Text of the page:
Message-Based Security for SOAP in webMethods: Part 2 (Username_Signature)

Hello all, As promised, here comes my second article in the series of posts on “Message-based security for web services in webMethods.” In case if you missed the first one, here is the link: Message-Based Security for SOAP in webMethods: Part 1

The Plan

There is one essential prerequisite before starting any task, A proper plan. So, our plan going forward is to have hands on below out of the box WS-Security policies Integration Server provides. I will cover one security policy per post, that way it will be short and focused.

Policy Link to the Topic
Username_Over_Transport Message-Based Security for SOAP in webMethods: Part 1
Username_Signature Current post
Username_Encryption Upcoming post
Username_Signature_Encryption Upcoming post

Overview

In the previous post, we have seen a policy that is used to perform open authentication to the server using SOAP header instead of transport header. It was just a different way of presenting credentials on secured endpoints. But, the request and response messages are still unsecured on the wire. Messages can be exposed to threats such as eavesdropping, message replay, etc.

The WS-Security policy design caters to the securing of the message transmission environment between endpoints. You can use authentication safeguards such as signing and encryption at the individual message level to provide greater data protection than just using similar authorization features in a transport-based security.

In this post, we will focus on the “message integrity” which can be achieved using digital signatures. We will be using out of the box policy “Username_Signature” to implement the same.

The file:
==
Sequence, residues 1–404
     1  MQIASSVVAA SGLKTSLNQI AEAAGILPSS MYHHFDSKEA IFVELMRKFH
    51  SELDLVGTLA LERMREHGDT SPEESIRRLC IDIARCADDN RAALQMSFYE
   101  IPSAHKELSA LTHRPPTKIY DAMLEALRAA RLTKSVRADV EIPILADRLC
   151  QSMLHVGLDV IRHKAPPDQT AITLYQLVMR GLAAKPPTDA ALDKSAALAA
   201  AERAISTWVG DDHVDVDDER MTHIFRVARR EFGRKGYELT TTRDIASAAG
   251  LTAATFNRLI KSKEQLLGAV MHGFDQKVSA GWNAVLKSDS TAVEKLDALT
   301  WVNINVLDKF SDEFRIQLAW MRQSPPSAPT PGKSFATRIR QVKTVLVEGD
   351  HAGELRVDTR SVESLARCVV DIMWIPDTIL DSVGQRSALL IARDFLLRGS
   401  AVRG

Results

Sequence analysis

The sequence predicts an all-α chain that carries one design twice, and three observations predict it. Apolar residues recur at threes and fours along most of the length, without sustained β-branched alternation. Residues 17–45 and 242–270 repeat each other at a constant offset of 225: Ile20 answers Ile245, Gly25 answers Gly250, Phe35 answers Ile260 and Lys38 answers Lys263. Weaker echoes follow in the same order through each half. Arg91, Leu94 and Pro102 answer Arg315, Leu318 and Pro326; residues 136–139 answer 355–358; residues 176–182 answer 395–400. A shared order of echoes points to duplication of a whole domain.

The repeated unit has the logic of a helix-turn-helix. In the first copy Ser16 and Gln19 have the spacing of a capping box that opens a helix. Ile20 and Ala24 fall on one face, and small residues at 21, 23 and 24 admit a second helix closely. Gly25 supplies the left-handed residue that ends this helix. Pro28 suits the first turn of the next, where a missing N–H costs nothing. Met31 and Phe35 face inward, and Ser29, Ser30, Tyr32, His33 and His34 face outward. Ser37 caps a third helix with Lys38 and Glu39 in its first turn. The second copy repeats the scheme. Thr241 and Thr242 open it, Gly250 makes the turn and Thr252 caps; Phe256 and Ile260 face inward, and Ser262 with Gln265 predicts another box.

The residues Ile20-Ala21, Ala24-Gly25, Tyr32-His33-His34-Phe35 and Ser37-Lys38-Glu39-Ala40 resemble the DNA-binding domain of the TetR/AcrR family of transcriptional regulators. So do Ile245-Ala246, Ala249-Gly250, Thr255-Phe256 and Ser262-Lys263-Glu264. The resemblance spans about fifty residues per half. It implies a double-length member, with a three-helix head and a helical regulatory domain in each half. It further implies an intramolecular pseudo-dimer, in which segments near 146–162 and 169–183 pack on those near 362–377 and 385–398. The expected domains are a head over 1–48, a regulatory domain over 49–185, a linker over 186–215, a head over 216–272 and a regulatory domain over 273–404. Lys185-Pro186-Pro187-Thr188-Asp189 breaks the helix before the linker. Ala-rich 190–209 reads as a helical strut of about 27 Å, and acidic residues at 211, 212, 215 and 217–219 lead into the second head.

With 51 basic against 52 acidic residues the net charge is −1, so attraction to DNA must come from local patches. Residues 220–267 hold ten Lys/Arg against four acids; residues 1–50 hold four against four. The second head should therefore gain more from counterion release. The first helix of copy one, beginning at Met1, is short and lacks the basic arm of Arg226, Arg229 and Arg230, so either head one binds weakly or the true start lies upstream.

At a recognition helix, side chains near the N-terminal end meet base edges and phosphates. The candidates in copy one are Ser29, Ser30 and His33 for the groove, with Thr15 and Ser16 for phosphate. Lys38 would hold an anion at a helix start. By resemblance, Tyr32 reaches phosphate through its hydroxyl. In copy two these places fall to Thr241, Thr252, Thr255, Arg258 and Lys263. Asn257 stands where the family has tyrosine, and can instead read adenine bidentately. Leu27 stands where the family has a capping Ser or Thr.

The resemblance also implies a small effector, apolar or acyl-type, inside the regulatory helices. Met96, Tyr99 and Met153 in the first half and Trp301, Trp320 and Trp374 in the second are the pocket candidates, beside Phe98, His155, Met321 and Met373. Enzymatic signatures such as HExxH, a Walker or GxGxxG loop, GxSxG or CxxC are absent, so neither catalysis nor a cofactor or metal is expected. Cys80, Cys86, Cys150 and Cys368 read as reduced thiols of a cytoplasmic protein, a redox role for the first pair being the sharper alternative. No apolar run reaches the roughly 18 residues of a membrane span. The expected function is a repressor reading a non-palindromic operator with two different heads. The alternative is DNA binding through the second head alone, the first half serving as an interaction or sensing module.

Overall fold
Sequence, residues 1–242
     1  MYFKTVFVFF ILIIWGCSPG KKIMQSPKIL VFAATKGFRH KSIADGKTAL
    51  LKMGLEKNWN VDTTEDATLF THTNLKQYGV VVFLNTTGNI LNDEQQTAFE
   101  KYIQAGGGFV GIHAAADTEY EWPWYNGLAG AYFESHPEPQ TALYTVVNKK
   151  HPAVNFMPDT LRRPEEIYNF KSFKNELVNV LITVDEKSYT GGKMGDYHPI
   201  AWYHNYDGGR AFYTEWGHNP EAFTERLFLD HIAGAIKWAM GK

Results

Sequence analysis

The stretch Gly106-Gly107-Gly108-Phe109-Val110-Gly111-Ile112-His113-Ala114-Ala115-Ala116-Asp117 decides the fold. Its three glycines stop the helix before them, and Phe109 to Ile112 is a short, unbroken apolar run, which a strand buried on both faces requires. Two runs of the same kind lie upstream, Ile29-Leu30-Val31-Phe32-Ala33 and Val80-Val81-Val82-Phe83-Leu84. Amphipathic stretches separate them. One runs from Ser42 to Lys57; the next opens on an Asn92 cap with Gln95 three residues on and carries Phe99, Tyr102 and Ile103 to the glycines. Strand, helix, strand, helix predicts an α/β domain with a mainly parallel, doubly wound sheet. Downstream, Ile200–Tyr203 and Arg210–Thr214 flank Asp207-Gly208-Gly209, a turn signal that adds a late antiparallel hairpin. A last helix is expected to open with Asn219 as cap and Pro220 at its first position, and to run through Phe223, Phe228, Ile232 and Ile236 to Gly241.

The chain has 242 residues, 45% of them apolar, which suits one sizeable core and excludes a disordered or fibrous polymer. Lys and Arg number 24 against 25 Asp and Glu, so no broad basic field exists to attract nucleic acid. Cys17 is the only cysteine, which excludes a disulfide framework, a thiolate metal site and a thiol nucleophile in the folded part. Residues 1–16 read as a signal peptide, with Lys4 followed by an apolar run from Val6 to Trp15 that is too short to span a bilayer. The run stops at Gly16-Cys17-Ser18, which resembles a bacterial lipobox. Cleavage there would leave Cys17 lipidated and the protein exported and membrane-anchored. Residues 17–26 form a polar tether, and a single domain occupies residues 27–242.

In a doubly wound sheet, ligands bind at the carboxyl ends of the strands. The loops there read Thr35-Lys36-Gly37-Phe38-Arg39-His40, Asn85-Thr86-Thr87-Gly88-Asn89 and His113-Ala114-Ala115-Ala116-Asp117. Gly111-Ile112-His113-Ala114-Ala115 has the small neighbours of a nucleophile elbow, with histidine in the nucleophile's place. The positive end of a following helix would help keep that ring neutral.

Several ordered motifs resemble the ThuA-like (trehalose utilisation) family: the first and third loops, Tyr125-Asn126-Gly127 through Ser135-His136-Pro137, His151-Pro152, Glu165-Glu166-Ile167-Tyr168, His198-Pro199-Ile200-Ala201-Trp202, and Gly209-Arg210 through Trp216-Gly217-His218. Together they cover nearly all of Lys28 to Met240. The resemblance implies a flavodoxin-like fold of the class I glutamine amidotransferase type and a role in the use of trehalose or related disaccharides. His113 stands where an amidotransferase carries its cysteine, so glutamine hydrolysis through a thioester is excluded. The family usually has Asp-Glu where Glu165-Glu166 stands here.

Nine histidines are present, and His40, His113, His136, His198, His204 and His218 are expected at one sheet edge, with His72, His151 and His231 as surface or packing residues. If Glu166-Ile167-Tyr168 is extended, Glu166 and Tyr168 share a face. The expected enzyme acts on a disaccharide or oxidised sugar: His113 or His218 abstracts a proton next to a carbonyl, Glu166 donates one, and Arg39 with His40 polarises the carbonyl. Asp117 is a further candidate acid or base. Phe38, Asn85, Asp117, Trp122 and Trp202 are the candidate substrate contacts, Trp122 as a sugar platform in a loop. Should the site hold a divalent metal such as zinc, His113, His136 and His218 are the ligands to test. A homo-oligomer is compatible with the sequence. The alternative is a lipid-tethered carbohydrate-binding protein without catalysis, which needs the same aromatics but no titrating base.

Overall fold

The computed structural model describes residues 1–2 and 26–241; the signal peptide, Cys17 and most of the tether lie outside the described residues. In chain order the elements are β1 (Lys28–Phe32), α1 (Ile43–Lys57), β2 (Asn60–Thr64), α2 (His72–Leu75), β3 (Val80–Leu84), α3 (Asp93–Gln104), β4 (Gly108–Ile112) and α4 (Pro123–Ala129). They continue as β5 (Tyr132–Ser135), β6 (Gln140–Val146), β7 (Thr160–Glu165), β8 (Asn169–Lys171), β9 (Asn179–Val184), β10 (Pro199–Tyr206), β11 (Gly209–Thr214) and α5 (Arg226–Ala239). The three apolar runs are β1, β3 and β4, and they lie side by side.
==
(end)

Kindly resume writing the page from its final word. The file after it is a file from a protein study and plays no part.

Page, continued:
Username_Signature Policy

This policy uses a Username token to provide client authentication, uses symmetric binding to sign messages to ensure message integrity and includes a Timestamp token to guard against replay attacks. Because this policy uses symmetric binding, the sender of an outbound message does not need a private key. Instead, the client generates a symmetric key.

Prerequisites

  1. Keystore setup with valid keys
  2. Keystore alias creation on Integration Server
  3. Certificates configuration on Integration Server

Info: You must be wondering why we need a keystore if our “Username_Signature” policy is going to use Symmetric Binding for signing the SOAP message. Though symmetric binding is used, WS-Security spec says that the generated symmetric key that is used for signing the message should be encrypted and injected into the SOAP header during the message transmission. In order to do this, public key of the Integration Server should be shared with the client to setup on consumer side. Client then uses this public key to encrypt the symmetric key and inject into the SOAP header. On provider side, integration server uses its private key to decrypt the symmetric key and uses it to verify the signature.

Playground

Enough theory, let’s get started with the implementation.

First, you should be ready with a Keystore with your pair of keys (public and private). If you do not have one, then create a Keystore using Java toolkit. You can refer to this link to learn how to do the same.

Once ready, you have to create Keystore and Truststore Aliases on Integration Server.

  1. On Integration Server Administration screen, Navigate to Security > Keystore
  2. You will see two create links Create Keystore Alias and Create Truststore Alias